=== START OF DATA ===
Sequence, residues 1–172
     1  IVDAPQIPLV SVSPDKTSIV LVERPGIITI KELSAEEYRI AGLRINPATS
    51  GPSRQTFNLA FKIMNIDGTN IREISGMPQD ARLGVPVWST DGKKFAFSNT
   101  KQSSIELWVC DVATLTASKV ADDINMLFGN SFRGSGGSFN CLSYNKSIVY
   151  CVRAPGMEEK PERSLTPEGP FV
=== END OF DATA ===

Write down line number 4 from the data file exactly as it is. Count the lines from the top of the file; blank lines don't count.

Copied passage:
   101  KQSSIELWVC DVATLTASKV ADDINMLFGN SFRGSGGSFN CLSYNKSIVY